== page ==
In short for every satisfied bond buyer that snapped up the bonds at the offered price, there were nine others willing to purchase more of the same bonds but it was a limited offer. As you seem to have your finger on the international market sentiment, it would also seem that you are the very man to answer my query !

    As to these bond purchasers and given the International doom and gloom headlines on Ireland generated world wide, whatever were these saavy experienced International investors thinking of ?

    PS This was before Michael Martin was elected, it cannot have been that !

  • Reader

    Munsterview: As to these bond purchasers and given the International doom and gloom headlines on Ireland generated world wide, whatever were these saavy experienced International investors thinking of ?
    They were thinking “These AAA bonds are backed by the bailout fund”
    http://www.irishtimes.com/newspaper/breaking/2011/0125/breaking24.html
    Key sentence: “The fund can borrow money on the market using the €440 billion, which euro zone government have guaranteed.” (The Irish Times ought to invest in a proof reader for that article)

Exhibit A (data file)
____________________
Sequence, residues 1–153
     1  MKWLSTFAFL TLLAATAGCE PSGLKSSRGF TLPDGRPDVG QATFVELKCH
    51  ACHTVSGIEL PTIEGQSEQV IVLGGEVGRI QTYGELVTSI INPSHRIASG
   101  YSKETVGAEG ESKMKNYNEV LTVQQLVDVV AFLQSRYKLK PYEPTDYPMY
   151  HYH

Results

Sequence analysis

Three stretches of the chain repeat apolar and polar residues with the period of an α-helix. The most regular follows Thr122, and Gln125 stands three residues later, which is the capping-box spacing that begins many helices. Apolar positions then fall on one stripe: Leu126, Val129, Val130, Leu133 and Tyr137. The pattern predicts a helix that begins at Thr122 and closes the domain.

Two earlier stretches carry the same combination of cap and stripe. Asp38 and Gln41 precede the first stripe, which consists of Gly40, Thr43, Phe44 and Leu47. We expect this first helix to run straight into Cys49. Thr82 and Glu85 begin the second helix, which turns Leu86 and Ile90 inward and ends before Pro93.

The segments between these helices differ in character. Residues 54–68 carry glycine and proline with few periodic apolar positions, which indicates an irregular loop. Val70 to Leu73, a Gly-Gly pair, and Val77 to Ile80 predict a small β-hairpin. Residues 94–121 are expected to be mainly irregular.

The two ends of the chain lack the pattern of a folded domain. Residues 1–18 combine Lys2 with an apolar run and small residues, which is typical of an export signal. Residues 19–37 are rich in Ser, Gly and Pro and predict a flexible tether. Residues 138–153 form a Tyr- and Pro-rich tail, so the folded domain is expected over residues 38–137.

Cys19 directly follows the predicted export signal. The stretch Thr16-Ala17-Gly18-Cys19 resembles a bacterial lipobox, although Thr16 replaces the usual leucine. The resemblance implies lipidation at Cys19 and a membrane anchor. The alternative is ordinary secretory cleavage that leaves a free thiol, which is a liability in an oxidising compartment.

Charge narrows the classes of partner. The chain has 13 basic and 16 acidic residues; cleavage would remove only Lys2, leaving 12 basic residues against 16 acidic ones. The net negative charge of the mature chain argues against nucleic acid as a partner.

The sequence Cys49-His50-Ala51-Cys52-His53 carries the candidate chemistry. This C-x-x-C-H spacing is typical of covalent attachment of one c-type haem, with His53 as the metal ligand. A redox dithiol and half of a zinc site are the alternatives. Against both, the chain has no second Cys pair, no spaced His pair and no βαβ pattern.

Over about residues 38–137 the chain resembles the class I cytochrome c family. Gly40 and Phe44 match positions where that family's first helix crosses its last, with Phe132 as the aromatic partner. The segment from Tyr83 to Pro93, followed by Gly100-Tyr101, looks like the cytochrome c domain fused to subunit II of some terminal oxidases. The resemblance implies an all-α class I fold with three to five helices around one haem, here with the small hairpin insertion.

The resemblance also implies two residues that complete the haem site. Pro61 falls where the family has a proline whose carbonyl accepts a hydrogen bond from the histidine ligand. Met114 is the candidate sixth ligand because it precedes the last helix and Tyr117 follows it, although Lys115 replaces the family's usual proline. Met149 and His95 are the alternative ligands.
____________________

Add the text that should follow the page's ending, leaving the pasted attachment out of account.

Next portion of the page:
Did you *really* think you would get away with that smokescreen?

  • Mack

    @Munsterview –

    You’re mistaken in this case.

    It was the European Financial Stability Facility and not Ireland that auctioned bonds that were 9 times over subscribed. The EFSF is backed (guaranteed) by (the taxpayers) all EU countries. They are lending to Ireland. In effect they are our new bond holders..

  • 241934 john brennan

    To default, or not default, that is the question.
    Whether it is nobler to repay our debts,
    Or renege and burn the bloody bondholders.
    I have come to bury Cowen, not to praise him.
    The debts that men incur live after them.
    Their savings oft times pissed against the wall.
    So let it be. The noble Enda
    Hath told you Cowen was a spendthrift.
    If it were so, it was a grievous fault.
    And grievously hath Cowen answered it.
    But Enda says he was a spendthrift
    And Enda is an honourable man.
    Yet Cowen brought many Euros into Ireland,
    With largesse did he the people’s pockets fill.
    And all got credit cards and spent the limit.
    Then left unpaid another card took out.
    Yet Enda says Cowen was a spendthrift.
    And sure, Enda is an honourable man.
    I speak not to disprove what Enda spoke,
    But here I am to speak what I do know.
    You all did love Cowen once, not without cause.
    What cause withholds you then, to mourn for him?
    O judgement! Thou art fled to brutish beasts,
    And men have lost their reason. Bear with me.
    My heart is in the coffin, there with Cowen
    And I must pause ‘til it comes back to me.